Any mineral interest is, if unused for a period of twenty years immediately preceding the first publication of the notice required by section 38-18.1-06, deemed to be abandoned, unless a statement of claim is recorded in accordance with section 38-18.1-04. Title to the abandoned mineral interest vests in the owner or owners of the surface estate in the land in or under which the mineral interest is located on the date of abandonment.Section 38-18.1-03, N.D.C.C., defines when a mineral interest is deemed to be used:
1. A mineral interest is deemed to be used when:
. . . .
d. The mineral interest on any tract is subject to a lease, mortgage, assignment, or conveyance of the mineral interest recorded in the office of the recorder in the county in which the mineral interest is located.
[¶9] The dispositive issue in this case is whether the recording of a lease executed by one who is the legal owner of a mineral interest, but who is not the "record owner" of the mineral interest, constitutes a "use" of the mineral interest under N.D.C.C. § 38-18.1-03(1)(d). The relevant underlying facts are not in dispute. Edyth Christeson was the record owner of the mineral interest when she died in 1983. Her estate was not administered and no document was recorded evidencing transfer of the mineral interest to Emmett Christeson. Nevertheless, Emmett Christeson, as Edyth Christeson's sole heir, succeeded to her interest and became legal owner of the mineral interest immediately upon her death. See N.D.C.C. §§ 30.1-12-01 and 30.1-20-01; Brigham Oil & Gas, L.P. v. Lario Oil & Gas Co., 2011 ND 154, ¶ 15, 801 N.W.2d 677 ("[p]roperty passes upon death, not upon distribution"); Feickert v. Frounfelter, 468 N.W.2d 131, 132 (N.D. 1991) (same). In 1989, Emmett Christeson and his new wife executed an oil and gas lease of the mineral interest, and the lease was duly recorded.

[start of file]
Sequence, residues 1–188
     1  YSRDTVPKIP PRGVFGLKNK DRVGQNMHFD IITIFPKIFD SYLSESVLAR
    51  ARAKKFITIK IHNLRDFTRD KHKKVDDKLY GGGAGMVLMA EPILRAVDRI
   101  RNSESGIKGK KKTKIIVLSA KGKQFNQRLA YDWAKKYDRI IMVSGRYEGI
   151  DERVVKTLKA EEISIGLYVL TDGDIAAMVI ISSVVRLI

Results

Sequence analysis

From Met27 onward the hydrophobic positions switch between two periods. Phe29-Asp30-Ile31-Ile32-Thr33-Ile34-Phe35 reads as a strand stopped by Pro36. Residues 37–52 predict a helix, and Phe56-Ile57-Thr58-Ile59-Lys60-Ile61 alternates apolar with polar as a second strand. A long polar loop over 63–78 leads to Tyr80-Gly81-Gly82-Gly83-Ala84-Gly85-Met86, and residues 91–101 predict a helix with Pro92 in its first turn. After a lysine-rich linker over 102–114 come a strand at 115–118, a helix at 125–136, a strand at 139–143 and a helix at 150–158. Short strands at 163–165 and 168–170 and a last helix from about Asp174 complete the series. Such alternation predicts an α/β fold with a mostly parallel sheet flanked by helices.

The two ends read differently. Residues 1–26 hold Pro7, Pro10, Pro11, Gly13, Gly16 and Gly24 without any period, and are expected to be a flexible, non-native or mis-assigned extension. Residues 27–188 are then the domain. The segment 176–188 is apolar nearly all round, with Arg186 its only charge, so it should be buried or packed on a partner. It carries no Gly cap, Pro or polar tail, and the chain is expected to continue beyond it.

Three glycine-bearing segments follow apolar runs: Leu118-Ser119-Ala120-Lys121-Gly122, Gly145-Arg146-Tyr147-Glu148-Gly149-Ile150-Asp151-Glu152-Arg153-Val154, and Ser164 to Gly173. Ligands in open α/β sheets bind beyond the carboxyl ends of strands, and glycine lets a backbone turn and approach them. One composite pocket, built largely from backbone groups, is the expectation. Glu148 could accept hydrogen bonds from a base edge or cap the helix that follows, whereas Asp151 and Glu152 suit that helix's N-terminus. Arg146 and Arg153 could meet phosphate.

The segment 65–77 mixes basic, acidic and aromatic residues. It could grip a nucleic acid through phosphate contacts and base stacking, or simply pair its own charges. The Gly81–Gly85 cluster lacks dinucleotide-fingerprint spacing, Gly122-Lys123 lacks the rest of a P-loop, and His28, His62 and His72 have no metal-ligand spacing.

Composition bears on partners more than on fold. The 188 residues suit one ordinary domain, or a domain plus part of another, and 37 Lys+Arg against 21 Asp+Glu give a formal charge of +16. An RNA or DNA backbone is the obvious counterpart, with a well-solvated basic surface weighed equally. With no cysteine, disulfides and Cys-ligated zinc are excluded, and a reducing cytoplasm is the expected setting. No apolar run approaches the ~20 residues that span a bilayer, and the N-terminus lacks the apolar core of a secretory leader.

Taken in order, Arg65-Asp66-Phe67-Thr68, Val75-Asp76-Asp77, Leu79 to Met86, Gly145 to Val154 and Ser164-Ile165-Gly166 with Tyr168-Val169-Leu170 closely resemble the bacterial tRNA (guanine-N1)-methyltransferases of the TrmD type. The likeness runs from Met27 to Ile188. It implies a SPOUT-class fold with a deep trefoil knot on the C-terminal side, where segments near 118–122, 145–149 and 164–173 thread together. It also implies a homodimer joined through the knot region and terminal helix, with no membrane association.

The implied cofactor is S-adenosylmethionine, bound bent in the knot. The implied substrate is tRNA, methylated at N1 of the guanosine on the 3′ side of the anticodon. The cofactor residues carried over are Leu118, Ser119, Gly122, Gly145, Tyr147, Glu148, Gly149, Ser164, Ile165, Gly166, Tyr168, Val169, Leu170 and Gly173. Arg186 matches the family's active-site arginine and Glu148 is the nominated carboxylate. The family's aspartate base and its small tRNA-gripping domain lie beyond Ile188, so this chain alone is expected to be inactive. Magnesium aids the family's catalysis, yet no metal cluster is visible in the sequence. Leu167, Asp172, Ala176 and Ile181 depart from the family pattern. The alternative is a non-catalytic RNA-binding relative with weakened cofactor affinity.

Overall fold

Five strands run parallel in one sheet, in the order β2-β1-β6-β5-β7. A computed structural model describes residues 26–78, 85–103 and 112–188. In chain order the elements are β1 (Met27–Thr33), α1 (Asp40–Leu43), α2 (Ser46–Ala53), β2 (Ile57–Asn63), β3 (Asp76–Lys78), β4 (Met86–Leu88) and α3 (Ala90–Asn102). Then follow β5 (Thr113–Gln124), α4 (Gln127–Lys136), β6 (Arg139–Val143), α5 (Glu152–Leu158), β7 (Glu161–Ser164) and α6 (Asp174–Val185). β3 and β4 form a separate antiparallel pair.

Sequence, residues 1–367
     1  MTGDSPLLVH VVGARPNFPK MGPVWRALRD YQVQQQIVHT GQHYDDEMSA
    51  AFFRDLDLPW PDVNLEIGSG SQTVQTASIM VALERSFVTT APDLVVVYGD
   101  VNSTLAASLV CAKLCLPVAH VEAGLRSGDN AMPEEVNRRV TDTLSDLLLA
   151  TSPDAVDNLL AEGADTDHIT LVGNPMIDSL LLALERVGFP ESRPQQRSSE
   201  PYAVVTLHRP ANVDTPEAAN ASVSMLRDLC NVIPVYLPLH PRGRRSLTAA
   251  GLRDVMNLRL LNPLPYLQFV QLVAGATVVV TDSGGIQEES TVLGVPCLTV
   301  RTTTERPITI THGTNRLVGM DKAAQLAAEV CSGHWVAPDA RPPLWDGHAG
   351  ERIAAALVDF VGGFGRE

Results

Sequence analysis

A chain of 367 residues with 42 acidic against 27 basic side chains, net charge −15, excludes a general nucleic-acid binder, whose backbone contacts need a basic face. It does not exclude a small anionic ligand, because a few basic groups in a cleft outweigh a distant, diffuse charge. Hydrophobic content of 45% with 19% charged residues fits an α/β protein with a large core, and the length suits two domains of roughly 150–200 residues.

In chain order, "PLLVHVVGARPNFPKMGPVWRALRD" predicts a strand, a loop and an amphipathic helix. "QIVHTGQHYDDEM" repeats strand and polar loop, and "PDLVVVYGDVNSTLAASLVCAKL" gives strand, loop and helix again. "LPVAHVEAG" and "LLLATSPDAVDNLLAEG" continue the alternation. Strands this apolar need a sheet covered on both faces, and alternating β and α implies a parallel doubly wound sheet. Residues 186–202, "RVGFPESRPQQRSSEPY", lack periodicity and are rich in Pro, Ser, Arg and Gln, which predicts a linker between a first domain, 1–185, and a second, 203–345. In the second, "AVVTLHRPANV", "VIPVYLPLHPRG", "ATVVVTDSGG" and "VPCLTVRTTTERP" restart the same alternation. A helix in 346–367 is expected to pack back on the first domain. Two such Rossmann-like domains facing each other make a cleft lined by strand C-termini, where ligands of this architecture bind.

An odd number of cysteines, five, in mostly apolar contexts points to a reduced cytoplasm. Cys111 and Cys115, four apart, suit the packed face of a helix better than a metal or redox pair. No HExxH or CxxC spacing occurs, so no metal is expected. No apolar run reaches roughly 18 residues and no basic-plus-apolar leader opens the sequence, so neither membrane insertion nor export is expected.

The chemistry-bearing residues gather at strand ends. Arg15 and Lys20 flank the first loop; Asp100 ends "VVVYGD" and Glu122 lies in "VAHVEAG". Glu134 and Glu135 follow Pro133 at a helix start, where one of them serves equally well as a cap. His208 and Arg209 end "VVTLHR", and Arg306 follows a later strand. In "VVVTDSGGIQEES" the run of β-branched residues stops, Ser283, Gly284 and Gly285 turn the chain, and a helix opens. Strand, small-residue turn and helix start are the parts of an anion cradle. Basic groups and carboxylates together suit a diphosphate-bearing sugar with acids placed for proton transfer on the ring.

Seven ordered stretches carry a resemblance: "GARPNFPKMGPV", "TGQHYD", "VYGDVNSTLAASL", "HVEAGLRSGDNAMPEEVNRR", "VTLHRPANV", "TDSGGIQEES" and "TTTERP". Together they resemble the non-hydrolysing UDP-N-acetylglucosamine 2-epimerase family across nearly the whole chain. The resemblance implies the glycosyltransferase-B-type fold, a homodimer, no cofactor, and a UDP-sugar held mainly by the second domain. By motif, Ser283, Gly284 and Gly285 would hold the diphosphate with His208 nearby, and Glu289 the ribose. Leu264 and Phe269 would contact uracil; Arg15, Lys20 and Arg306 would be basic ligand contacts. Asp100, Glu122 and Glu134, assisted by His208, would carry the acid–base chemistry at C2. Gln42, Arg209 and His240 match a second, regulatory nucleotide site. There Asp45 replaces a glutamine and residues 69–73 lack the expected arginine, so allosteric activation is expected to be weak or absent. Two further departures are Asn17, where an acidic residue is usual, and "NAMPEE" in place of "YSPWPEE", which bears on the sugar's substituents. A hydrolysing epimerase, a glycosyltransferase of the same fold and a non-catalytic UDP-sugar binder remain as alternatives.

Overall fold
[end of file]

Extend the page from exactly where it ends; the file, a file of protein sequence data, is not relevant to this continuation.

[¶10] The Gilstads concede that Emmett Christeson was the legal owner of the mineral interest when he executed the lease in 1989, but they contend that only a lease executed by the record owner of the mineral interest constitutes a use of the minerals under N.D.C.C. § 38-18.1-03(1)(d). Therefore, they contend, the recording of the lease executed by Emmett Christeson and his new wife, who were not record owners, did not constitute a use which would preclude abandonment of the mineral interest under N.D.C.C. ch. 38-18.1.
[¶11] The Gilstads' argument ignores the plain language of the statute. The terms "owner" and "record owner" do not appear in N.D.C.C. § 38-18.1-03(1)(d). Rather, the statute unambiguously provides that a mineral interest is deemed to be used when it "is subject to a lease, mortgage, assignment, or conveyance of the mineral interest recorded in the office of the recorder."